"I'm running the rebel cause, not a spaceborne aviary! " Blake exclaimed, attempting to sound dignified. He picked a bedraggled feather off his console and glared at the doves roosting around Zen and the white streaks on the walls beneath them. A small flock of Gan's French hens pattered out from beneath one of the consoles. Blake swore at the them just as Gan himself arrived, followed by Vila still admiring his bracelets. It was nearly midday. Blake considered the fact much as he might have considered a firing squad.

"Well?" Jenna asked briskly from the doorway. "Who's going to get the prize today?"

"Five more rings," Vila gloated. "I think they look good on me. Gold suits my personality, don't you think?"

He appealed to Cally, but she was watching Gan fondling his hens. Blake glanced at them and closed his eyes, refusing to count. There would be twelve... An explosion of wings startled him and he looked up to see the flock of doves whirling round the flight deck. Vila glanced nervously up to the roof and then at the screen.

"Geese!" Jenna exclaimed blankly.

Vila gave a great shout of laughter. "Avon!" he gasped. "Can you imagine Avon with six geese?"

An irritated hissing attracted their attention to the far door where the six geese were standing. Blake gulped; somehow he hadn't realised that geese were so big. They waddled and flopped down the steps, one behind the other, hissing malevolently.

"They seem to have the right temperament," Jenna said wryly.

There was a sudden silence as Avon himself appeared in the opposite doorway.

Vila recovered first, waving his hand as though he had personally produced the birds. "For you!" he announced, and then collapsed in gales of laughter.

Avon walked slowly down the steps and stood contemplating his new property with distaste. Blake suddenly felt rather better about the partridges; six geese in Avon's cabin might just about make up for it. One of the birds stretched its neck out and cackled loudly, attracting everyone's attention. Amid stunned silence it deposited a gleaming ovoid on the floor and waddled off with an air of relief. Vila was the closest. He reached out a hand and then withdrew hastily as the other birds hissed at thim.

"What is that?" Jenna demanded.

"An egg?" Gan suggested.

"I've never seen an egg that colour," Jenna retorted.

Avon strode forward and picked it up warily while the geese preened themselves contentedly. He inspected the ovoid and then placed it under the analysis dome on Zen's console.

"Zen, give me a full analysis of that object," he demanded. "That should settle the question."


"That's enough, Zen," Avon said. "I think we've all got the idea."

"A golden egg?" Vila queried, rather deflated.

"Solid gold?" Gan asked blankly.

Avon had retrieved the egg and was regarding his geese with a benevolently propriatorial expression which made Blake feel rather sick.

"Of course," Avon murmured. "Six geese a-laying." Another egg appeared. He picked it up reverently and turned to the steps. The geese followed, heaving themselves laboriously up after him.

The others were still staring after them when the five gold rings descended and smashed the navigation console in a shower of sparks.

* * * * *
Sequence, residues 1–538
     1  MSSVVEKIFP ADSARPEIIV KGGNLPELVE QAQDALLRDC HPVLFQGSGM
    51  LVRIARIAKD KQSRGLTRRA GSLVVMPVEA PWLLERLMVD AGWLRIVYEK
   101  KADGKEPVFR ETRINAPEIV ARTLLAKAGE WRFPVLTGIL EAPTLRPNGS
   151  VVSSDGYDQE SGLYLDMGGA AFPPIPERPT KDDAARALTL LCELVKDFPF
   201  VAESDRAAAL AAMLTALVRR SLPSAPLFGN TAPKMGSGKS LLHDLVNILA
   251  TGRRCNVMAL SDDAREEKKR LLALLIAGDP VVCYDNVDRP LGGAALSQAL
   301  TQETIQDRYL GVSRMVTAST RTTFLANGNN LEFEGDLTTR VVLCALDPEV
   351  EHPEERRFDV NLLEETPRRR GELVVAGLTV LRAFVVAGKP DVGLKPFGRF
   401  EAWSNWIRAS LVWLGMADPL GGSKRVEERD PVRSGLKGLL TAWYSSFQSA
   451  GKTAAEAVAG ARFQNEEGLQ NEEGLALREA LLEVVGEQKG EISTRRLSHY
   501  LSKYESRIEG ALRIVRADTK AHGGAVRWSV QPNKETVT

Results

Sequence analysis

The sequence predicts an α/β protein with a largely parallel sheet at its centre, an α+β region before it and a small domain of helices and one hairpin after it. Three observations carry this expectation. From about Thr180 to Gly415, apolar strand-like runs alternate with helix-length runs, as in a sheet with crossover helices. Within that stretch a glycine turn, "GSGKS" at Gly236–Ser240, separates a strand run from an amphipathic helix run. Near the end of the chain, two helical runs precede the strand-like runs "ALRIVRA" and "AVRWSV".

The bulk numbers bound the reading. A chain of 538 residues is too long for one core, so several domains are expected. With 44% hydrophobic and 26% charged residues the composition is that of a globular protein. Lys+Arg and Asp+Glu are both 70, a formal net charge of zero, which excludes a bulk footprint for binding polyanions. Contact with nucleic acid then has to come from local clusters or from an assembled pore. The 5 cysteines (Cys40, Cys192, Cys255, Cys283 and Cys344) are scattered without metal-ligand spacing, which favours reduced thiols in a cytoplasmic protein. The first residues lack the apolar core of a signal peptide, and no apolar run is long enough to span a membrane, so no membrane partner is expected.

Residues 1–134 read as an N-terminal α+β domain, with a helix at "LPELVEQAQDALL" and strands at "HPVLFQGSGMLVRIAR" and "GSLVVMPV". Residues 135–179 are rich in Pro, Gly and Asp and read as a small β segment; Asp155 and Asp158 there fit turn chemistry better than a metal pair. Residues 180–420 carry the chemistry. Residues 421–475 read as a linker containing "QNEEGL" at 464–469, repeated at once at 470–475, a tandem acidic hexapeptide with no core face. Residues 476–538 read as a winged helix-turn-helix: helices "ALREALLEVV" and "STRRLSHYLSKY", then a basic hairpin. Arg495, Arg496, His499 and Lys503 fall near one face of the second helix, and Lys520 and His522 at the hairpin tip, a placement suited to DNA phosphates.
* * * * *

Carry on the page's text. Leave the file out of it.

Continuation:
Blake put his head in his hands, ignoring the chaos that erupted around him, and wondered whether to laugh or cry.


The next day he met Jenna and Cally on their way to the flight deck.

"What can we expect today?" Jenna asked drily.

"Flamingos?" he suggested morosely. He'd spent the night brooding, with the aid of a flask of Hyleth brandy. Vila got gold rings, Avon got geese laying golden eggs... all he got was perfectly normal partridges and half an orchard.

"Vila and Avon both seem to know what's going on," she pointed out.

"They're guessing," Blake said firmly, and then stopped in the entrance to the flight deck. "What the...?"

The steps led down into a sheet of water. A fleet of seven swans sailed proudly into view among the consoles. Blake looked up and saw Avon, Vila and Gan contemplating the scene from the far doorway. Avon glanced across, his expression almost a smirk.

"Whose are THEY?" Blake demanded.

"Cally's. Why water should be considered specifically appropriate for the Auronar I can't imagine. Ah..."

Six geese appeared, looking strangely dull and dumpy behind the swans. They made their way determinedly through the water to join the others grouped behind Avon. The French hens were marooned on the main console, cackling apprehensively. Doves fluttered round the room, white wings brushing Zen's fascia.

"Cally," Blake said in the tone of someone endeavouring to remain reasonable under severe provocation. "Get them off the flight deck."

"How?" Cally asked.

"I imagine they'll follow you," Avon suggested. "That would seem to be the normal pattern, except for Blake's partridges."

"We'll need to get rid of the water too," Jenna pointed out rather tartly.

"Zen can do that," Avon asserted confidently. "Zen, drain the flight deck."

There was a faint gurgling sound, followed by a series of splashes as the five rings dropped into the deepest water. Vila let out a cry of anguish and jumped down the steps, wading hip-deep to retrieve them. Six of the swans reached the doorway below Cally and waited there, bobbing up and down on the ripples Vila had set up. The seventh unfurled its wings and launched itself laboriously into the air, flying heavily through the arch and forcing Blake and Jenna back against the walls to give it room. Cally hurried after it; the other six waddled behind her, their wings half-raised in threat.